“We can be proud of our rich culture”, he wrote, “and yet at the same time be denied the basic right to decide for ourselves how we are governed”.

“The Scottish people are no longer prepared to allow this demand to be ignored”, he went on. “The future is ours.”

Roz Foyer, the current STUC general secretary, said celebration had “brought people together”. “While we have achieved the original goal of a Scottish Parliament,” she went on, “the work goes on to strengthen the voice of working-class people in Scotland. We need stronger workplace democracy and we must reinvigorate democracy at a local level breathing life into our communities the length and breadth of the country. Thirty years is a long time but the fundamental message has not changed. People must have a stake in their life, their workplace and their community and must be empowered to shape their own future.”

READ MORE: The life and awful death of the Scottish Borders' Robin Hood

Stirling Council says events at City Park remain a “cornerstone” of its economic and tourism strategies. There’s nothing like A Day for Scotland on the horizon, but it points out that Runrig made their “triumphant return” to the field in summer 2018 with their Last Dance farewell gigs, which brought in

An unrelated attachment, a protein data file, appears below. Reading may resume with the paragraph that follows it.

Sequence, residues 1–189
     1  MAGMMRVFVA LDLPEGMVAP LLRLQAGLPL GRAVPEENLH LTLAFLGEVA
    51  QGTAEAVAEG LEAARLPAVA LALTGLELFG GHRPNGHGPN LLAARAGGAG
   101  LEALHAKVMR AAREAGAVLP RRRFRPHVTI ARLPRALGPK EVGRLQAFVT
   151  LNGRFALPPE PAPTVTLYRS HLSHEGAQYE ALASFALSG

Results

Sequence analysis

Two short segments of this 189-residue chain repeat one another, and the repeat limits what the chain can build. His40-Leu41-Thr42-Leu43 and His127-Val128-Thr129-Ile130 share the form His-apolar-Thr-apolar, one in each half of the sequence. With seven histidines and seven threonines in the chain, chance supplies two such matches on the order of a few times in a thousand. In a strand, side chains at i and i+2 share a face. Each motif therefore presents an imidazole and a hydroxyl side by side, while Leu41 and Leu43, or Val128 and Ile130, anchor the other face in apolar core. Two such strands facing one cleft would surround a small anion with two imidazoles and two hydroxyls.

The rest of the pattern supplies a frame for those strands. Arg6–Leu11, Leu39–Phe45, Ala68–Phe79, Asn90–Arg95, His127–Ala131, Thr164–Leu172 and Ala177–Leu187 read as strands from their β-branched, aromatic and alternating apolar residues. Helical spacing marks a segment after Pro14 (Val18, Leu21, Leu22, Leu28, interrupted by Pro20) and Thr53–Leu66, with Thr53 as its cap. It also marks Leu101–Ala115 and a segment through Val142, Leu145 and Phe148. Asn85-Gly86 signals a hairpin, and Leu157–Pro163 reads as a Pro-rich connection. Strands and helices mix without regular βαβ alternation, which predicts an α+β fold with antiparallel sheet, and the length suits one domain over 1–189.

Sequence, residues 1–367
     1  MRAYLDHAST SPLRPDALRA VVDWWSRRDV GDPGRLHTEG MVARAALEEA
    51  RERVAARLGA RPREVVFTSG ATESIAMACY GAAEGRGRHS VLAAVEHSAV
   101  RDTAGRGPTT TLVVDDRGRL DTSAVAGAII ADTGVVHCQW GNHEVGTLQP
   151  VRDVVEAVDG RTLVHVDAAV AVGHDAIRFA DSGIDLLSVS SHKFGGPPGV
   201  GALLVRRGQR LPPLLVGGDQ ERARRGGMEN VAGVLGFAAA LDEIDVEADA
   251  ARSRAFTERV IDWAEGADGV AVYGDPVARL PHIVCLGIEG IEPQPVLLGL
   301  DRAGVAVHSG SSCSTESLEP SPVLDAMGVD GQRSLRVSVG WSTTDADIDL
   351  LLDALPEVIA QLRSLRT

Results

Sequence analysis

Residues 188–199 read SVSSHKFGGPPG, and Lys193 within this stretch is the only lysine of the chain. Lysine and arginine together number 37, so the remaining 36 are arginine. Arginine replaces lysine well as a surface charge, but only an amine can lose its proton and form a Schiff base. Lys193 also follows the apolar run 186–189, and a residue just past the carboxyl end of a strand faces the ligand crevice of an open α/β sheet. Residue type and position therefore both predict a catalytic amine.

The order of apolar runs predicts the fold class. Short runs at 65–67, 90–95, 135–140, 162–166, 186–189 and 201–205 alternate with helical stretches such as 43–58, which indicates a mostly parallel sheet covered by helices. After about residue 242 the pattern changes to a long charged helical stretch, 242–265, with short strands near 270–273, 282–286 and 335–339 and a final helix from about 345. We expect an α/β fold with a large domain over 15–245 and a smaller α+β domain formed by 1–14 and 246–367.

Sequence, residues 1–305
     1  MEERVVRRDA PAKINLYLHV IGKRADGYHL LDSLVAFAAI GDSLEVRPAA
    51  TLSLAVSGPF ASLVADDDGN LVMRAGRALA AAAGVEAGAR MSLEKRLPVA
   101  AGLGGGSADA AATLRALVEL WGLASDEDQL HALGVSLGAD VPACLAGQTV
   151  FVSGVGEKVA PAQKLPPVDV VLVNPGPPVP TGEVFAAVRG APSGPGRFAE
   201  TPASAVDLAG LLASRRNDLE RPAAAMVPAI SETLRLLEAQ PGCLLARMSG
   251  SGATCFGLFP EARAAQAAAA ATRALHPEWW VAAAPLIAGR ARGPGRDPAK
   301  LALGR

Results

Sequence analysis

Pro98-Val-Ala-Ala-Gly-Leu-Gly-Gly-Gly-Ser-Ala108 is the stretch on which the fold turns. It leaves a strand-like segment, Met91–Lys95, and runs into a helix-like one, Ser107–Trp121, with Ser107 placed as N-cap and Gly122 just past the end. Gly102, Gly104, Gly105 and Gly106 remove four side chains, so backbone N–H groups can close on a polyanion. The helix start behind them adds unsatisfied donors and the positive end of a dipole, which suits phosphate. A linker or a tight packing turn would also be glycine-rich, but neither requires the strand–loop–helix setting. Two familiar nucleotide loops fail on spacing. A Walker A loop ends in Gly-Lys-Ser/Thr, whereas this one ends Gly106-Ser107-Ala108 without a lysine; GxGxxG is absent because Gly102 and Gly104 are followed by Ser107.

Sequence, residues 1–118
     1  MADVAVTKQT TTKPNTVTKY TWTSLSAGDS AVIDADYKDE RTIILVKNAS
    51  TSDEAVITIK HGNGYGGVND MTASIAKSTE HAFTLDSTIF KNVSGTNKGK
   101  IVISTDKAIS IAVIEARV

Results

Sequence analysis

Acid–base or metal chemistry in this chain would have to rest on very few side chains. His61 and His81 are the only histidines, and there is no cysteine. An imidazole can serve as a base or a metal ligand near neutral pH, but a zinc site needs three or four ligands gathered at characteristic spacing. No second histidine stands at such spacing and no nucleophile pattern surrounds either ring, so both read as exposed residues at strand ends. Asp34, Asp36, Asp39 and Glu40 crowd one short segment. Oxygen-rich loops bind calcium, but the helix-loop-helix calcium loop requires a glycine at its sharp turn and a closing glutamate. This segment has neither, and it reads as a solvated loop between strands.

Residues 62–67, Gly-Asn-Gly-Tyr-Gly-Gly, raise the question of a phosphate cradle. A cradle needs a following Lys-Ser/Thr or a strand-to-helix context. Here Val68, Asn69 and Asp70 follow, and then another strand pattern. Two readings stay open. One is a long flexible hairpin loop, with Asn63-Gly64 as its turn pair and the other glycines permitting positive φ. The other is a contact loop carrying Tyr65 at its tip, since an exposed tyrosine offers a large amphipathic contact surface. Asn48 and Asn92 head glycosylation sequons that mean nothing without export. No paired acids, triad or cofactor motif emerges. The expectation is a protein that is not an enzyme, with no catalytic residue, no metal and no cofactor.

£7 million and visitors from 32 different countries.

Events like these, it said, “live long in the hearts and minds” of those who attend.

That’s certainly true for musician and journalist Pat Kane of Hugh and Cry, who, alongside festival organiser Lisa Whytock and others, will be amongst the speakers at a free virtual event hosted by Stirling University on July 14.

Tickets are available from the Eventbrite website and archivists hope members of the public will volunteer their souvenir items, pictures and memories. “It was a driech day, weather-wise,” Kane said. “We were all worried when we turned up that it was going to be a literal damp squib. But there was a lot of joy and waving flags in the crowds before the huge stage. I felt proud that such a diverse crew from Scottish civil society, and Scottish culture, had taken to this stage.

“I’ll be honest, and admit that I also did feel a little impatient with it all. I’d travelled solidly over to Jim Sillars’s SNP at that point. I was convinced of the urgency of independence, for economic reasons and in terms of getting rid of nukes.